From functionality to purpose, there is a significant difference between consumer and enterprise apps. But the sheer number of consumer app—and the competitiveness of the field—means that they have to work hard to differentiate themselves in a crowded marketplace. Great functionality isn’t enough for a consumer app: they also have to give users a good experience or they will be abandoned.
What can we apply to enterprise apps from the successes and failures in the consumer space?
A little style never hurt
Enterprise applications are often utilitarian in nature. Because they are created for a purpose, to fulfil particular a need by a specific group of people, it’s easy for developers to fixate solely on function without considering the ways people will actually use the program.
Users are fickle. With an increasing amount of choices, they’ll abandon an app if they don’t see the immediate value over the frustration inherent in any learning curve. Considering the user experience will invariably result in a reduced number of employee complaints after the app is launched.
By anticipating needs and building solutions, we can develop advocates that will help expand the usage of the app in a business. That, in turn, may lead to recommendations in new businesses, a fantastic way build relationships by solving common problems.
Problem-solving must remain the primary purpose for any development. Putting a new coat of paint on a rusty frame will only serve to alienate an already disenchanted user base. But spending time creating a positive user experience will pay dividends.
What to look for
When we think of consumer apps, we think about mobile. While enterprise is pushing toward a mobile-first environment, it’s not there yet. What we can take away, however, are the ways that people interact with technology to boost productivity and useability.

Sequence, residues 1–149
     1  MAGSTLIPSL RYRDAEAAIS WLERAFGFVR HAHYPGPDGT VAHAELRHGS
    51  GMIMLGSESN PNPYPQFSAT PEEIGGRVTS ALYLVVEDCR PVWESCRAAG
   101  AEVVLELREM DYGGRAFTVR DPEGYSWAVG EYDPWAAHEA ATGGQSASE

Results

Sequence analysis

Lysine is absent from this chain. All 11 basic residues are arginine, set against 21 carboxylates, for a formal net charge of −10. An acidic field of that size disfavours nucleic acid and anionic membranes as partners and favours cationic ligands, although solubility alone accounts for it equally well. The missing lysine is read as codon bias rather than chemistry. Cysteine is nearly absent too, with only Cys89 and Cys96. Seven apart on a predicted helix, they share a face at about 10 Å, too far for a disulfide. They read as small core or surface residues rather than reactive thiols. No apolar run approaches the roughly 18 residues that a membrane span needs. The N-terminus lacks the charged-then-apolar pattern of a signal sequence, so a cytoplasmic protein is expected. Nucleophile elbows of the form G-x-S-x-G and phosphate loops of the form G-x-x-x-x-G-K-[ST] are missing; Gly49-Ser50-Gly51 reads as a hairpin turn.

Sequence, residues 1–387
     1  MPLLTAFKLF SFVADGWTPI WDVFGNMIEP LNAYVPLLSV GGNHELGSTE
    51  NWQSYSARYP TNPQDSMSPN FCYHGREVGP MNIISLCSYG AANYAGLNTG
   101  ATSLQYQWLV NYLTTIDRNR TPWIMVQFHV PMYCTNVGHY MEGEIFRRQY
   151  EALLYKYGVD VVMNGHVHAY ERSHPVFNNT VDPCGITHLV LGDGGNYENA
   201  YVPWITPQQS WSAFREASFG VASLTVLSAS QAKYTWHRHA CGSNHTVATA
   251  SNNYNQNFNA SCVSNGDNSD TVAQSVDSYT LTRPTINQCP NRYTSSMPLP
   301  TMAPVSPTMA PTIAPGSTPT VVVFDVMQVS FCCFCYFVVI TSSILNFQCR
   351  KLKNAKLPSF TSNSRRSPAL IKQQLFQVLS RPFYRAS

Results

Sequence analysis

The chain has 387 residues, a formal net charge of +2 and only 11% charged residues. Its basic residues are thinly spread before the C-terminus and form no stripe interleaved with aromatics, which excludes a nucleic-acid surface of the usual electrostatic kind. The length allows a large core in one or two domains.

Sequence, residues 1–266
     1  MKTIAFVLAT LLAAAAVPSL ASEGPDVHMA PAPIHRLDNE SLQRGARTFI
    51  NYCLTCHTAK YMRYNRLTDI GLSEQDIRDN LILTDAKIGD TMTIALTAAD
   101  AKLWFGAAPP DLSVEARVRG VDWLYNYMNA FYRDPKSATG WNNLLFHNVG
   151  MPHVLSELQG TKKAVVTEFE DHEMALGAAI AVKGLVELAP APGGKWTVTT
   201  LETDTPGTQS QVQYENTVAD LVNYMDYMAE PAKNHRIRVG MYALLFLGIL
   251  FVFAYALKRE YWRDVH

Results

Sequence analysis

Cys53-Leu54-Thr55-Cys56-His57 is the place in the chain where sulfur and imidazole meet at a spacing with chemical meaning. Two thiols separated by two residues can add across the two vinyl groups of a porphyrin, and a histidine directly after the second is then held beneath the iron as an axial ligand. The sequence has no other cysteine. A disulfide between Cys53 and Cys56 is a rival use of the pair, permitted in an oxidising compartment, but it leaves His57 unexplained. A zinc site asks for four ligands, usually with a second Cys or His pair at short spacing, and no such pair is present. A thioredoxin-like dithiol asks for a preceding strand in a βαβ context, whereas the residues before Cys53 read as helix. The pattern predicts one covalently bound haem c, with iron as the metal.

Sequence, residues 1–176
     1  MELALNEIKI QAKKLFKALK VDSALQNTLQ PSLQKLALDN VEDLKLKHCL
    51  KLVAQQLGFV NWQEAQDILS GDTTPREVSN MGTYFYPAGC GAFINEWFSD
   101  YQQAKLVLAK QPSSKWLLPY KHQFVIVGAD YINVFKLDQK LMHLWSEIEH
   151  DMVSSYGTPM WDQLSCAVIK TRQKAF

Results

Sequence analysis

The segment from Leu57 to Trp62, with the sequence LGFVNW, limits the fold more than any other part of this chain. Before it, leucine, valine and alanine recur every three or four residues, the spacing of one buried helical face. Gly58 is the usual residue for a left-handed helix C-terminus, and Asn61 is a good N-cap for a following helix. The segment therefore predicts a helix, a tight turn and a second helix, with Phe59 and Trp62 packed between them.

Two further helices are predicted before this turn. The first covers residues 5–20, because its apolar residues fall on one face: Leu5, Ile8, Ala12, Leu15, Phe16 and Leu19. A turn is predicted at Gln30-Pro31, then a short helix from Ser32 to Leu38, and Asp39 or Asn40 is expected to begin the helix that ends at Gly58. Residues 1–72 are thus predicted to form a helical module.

Current design trends highlight key areas to look for when developing your own platform, including adding quick navigational shortcuts to key functions. We are no longer tied to flat, vertical scrolling; rather can think about designing in three dimensions that reflect how users think and interact with tech, rather than how things have always been done.
What’s the value?
The limited amount of tools in the enterprise space can make innovation seem daunting or even pointless. The potential gains, however, can come in productivity and reputational improvements. Staff can seem superhuman when they’re gathering relevant data for customers, which can mean real money to your business.
This is all great in theory, of course, but the day-to-day demands in a business can push you to get something out, rather than taking time to make it user-friendly. While this won’t change, all we can do is encourage you to take the user in to consideration while putting out something they will be using as a matter of course in their daily lives.
If you have already changed some of your design principles, what have you experienced? Share your comments below, and join the conversation on LinkedIn.